10. Minnesota Wild -- No question, the Wild are a stronger team than Nashville. But as long as the NHL has such an unbalanced schedule -- and it should not be much longer from all indications -- strong teams in tough divisions are penalized. If Marian Gaborik stays healthy and plays 82 games, look for Minnesota to make the playoffs. There is no question they belong there -- if they were in the Central Division, they'd contend for the division crown.

11. Dallas Stars -- The Stars struggled to score goals last season, and there is no indication that will change this time around. Marty Turco is one of the league's top goaltenders, and the defensive corps is reliable. Once again, the Stars are the victims of their schedule -- an improved Los Angeles squad may bump Dallas out of the playoffs. Still, look for the Stars to be in the playoff race until the season's final week.

12. St. Louis Blues -- Andy Murray did a remarkable job with this team after taking over in mid-season, but the Blues seem to be a team in transition. They are too old to be rebuilding, yet too inexperienced at key positions to be a veteran squad. Still, in a weakened Central Division, they will find their share of wins.

13. Chicago Blackhawks -- Jonathan Toews and Patrick Kane represent the future of Chicago hockey, and the future is very bright. The Hawks are where Pittsburgh was two years ago and Los Angeles was last year -- on the verge of something great. If Nikolai Khabibulin finds the form he displayed in 2003-04 with Tampa Bay, Chicago will be in the heart of the playoff race. Anything less, however, and the playoffs are still a year away.

14. Columbus Blue Jackets -- You really want to believe Columbus will break through one of these years. Rick Nash is a true goal scorer, Gilbert Brule has the potential to electrify, and Pascal Leclaire has a lot of potential in goal. Yet there are too many underachievers on this squad for the Jackets to be a solid playoff contender. It is a shame, as Columbus fans are some of the most underrated in the NHL.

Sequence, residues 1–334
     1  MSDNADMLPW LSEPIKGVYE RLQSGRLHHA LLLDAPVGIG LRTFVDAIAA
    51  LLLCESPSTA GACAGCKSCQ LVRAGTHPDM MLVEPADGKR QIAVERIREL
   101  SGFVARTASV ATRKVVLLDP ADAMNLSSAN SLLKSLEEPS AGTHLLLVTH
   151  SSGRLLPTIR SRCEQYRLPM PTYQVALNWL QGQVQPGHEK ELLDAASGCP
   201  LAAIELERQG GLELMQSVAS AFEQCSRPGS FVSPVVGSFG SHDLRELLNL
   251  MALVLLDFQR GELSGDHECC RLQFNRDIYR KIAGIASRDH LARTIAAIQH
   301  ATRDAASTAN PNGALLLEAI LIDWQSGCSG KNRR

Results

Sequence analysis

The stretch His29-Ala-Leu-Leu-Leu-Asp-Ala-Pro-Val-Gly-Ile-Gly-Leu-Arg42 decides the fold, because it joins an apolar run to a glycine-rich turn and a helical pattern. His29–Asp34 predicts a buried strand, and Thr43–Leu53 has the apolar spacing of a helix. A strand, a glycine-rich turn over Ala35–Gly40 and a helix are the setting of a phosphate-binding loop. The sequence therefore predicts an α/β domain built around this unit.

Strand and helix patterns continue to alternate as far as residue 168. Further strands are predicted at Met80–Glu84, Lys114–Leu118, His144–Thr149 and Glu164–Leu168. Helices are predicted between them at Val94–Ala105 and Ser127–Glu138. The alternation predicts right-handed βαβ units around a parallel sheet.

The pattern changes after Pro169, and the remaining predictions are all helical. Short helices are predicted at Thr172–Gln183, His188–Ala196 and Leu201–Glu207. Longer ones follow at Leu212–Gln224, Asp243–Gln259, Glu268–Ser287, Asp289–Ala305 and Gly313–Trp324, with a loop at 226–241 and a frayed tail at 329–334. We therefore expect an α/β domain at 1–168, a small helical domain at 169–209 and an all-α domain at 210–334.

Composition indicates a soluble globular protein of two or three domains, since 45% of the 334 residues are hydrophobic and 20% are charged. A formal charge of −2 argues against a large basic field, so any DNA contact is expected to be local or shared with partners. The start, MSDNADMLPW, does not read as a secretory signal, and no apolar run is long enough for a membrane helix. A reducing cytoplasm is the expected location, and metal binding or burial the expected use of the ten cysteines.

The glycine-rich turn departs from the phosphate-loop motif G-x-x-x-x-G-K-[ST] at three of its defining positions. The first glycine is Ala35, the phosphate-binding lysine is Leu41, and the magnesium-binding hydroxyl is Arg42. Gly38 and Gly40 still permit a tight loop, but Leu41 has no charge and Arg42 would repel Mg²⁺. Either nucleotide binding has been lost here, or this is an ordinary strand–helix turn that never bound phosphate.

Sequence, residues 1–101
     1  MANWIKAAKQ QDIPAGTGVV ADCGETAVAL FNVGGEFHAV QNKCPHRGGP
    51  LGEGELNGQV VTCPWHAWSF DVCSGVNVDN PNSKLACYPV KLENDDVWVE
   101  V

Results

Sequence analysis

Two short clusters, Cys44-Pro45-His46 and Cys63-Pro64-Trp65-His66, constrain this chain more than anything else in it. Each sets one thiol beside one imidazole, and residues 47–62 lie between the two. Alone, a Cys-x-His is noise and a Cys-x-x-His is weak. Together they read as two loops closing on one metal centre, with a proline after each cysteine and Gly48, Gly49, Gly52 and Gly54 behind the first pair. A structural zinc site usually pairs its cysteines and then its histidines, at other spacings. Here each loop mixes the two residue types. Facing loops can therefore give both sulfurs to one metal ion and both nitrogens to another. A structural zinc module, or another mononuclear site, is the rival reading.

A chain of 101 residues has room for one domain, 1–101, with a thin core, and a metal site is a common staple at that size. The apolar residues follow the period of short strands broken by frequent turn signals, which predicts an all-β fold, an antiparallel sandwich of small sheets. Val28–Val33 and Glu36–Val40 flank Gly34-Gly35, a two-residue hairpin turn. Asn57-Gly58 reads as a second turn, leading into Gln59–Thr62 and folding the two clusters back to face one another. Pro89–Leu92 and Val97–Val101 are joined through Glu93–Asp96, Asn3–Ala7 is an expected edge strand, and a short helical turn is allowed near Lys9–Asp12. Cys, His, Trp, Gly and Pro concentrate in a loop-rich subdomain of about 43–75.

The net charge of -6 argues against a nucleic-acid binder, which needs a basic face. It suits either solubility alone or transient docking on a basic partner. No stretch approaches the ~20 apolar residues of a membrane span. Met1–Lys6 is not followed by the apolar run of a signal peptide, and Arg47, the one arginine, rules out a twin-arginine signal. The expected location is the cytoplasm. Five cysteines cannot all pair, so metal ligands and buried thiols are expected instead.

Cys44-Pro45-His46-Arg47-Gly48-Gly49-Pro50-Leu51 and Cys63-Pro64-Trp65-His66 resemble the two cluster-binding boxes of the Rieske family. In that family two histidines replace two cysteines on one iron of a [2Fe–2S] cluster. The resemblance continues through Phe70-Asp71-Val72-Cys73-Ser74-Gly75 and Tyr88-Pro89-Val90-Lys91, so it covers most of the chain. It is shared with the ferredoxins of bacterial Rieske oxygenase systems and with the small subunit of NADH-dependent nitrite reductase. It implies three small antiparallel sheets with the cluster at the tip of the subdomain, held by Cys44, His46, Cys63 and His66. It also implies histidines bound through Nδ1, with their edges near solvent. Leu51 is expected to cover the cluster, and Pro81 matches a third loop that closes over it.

15. Phoenix Coyotes -- Virtually everyone in hockey wants to see this team succeed. Not only is Wayne Gretzky the greatest player in the history of the game, he is one of the greatest people in the history of the game. Past Shane Doan, however, the cupboard is bare. When your second leading returning scorer is Mike Zigomanis -- who is a solid NHL player but certainly not a sniper -- that is a bad sign.

With the schedule so unbalanced, it only seems fair to rank the teams in the order they would finish if each team played the same schedule. The differences are significant in many cases-- the actual prediction is listed after each team's name.

1. San Jose Sharks (actual prediction: 2)

2. Detroit Red Wings (1)

3. Colorado Avalanche (3)

4. Calgary Flames (4)

5. Vancouver Canucks (5)

6. Edmonton Oilers (8)

7. Minnesota Wild (10)

8. Los Angeles Kings (6)

9. Anaheim Ducks (7)

10. Dallas Stars (11)

11. Nashville Predators (9)

12. St. Louis Blues (12)

13. Columbus Blue Jackets (13)

14. Chicago Blackhawks (14)

15. Phoenix Coyotes (15)

The Eastern Conference preview will follow early next week.
Filed Under:   NHL   predictions  
September 28, 2007 10:48 PM ET | Delete
The Predators could struggle to score goals. Hilarious. Dumont, Arnott, Legwand, Erat, Radulov, and Weber = 170 goals. If Sully does come back in December/January, expect 20 out of him.
September 28, 2007 10:49 PM ET | Delete
But good predictions. I am really excited to see how the Avs will do. They have some serious talent. Sorry I left this off the first message. :)
October 1, 2007 2:31 AM ET | Delete
5 from NW, 3 from Pacific and only 1 from Central, do some math then come back again.